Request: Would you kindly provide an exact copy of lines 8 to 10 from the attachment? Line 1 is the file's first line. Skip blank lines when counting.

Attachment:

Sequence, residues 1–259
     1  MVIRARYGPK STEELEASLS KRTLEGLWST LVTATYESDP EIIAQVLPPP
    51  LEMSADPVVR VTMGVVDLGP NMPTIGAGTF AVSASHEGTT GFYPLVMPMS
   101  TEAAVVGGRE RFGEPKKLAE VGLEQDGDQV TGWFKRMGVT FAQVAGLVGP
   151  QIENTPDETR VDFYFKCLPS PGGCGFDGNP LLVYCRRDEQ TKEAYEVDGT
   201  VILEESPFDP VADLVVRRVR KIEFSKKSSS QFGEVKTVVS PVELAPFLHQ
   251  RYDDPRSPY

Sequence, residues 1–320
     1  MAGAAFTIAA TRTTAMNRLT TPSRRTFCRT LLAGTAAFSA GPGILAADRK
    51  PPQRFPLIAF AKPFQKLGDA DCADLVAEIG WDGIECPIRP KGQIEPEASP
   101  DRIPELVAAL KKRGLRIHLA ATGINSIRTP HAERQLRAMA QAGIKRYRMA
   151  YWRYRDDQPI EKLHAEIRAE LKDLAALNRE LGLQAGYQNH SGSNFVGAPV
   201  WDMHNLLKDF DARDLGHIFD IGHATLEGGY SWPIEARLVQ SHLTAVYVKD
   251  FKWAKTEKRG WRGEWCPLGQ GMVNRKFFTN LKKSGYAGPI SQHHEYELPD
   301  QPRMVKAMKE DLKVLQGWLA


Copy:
Sequence, residues 1–320
     1  MAGAAFTIAA TRTTAMNRLT TPSRRTFCRT LLAGTAAFSA GPGILAADRK
    51  PPQRFPLIAF AKPFQKLGDA DCADLVAEIG WDGIECPIRP KGQIEPEASP